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Always progressive Pittsburgh and its young mayor have come up with an amazing 20-year master plan to redevelop a 2,000 acre section of riverfront property along the Allegheny River. Egad you say! How does one go about doing that???
Take an enormous swatch of rust-belt wasteland, add a heapin’ helpin’ of housing, business, industry, transportation and a complete environmental makeover and you have a master plan. The 77-page document was developed over two years with input from property and business owners, residents, community leaders and nonprofit organizations. Create a dialogue; build a consensus and a result will emerge (sounds like our newest Planning Commission member’s philosophy).
This plan incorporates affordable family housing, green technology, new industries, walkable communities and the strengthening of transportation to increase a sense of community. Pittsburgh is already one of America’s greenest cities and most livable cities. Adding commuter rail, a circulator trolley and a “green boulevard” right down the middle are all part of the plan.
The project will rely mostly on private investment, instead of looking for handouts from the state and federal government. What this should tell you is that Pittsburgh has progressed beyond the point of being subsidized and can generate enough buzz and interest in projects from their own community, outside investors and banks to finance them. This is a tremendous sign of health. I heard this same message from Mayor Chris Doherty when I toured Scranton.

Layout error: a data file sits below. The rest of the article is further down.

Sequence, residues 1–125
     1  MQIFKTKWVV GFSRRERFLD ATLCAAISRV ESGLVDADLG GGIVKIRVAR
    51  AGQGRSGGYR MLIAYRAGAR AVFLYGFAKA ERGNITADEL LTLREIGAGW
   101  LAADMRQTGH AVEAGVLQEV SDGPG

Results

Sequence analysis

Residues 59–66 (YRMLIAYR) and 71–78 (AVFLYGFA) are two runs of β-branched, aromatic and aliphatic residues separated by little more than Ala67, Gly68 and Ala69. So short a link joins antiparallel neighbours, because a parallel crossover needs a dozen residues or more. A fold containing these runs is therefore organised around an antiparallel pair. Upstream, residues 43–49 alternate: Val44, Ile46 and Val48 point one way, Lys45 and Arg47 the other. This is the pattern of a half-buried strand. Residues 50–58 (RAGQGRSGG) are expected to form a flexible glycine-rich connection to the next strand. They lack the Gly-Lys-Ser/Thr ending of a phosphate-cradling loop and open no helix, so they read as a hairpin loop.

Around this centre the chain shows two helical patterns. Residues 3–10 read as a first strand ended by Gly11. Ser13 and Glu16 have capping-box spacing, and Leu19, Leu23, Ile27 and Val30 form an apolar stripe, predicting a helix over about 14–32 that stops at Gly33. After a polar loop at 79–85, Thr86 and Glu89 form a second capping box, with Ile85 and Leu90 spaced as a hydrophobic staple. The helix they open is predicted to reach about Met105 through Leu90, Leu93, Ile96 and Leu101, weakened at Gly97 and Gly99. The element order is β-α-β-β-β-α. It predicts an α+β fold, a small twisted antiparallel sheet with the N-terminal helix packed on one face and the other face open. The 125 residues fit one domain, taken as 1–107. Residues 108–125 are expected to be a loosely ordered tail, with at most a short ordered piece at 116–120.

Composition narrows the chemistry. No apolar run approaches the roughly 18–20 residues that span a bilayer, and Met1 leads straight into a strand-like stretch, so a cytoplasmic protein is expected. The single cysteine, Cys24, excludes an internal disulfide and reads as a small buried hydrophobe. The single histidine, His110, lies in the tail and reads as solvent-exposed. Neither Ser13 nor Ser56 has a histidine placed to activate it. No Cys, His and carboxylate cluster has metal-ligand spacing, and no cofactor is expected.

Apartments, office buildings and parking garages, along with more adaptive reuse projects like the conversion of the old Armstrong Cork factory into condos, are all envisioned as part of this redevelopment plan. Currently much of the land is empty warehouses, parking lots and weeds. In many places the river is obscured from view and/or inaccessible. The land is mostly considered worthless because of its current blighted state. Environmental improvements, restoring the riverfront, tree planting, stormwater containment and LEED certified buildings are all included.
This is what Pottstown needs to do. A long-range plan needs to be formulated and put into place. There is movement in this direction, but a comprehensive plan, that includes these kinds of features, with input from many stakeholders, needs to be drawn up and executed.
Just to give you an idea of how big 2,000 acres is. Pottstown is about 5 square miles which converts to 3,200 acres. The City of Pittsburgh is roughly 55 square miles which converts to 35,200 acres. This project will redevelop about 5 1/2 percent of the total land area of the City of Pittsburgh. Mighty impressive!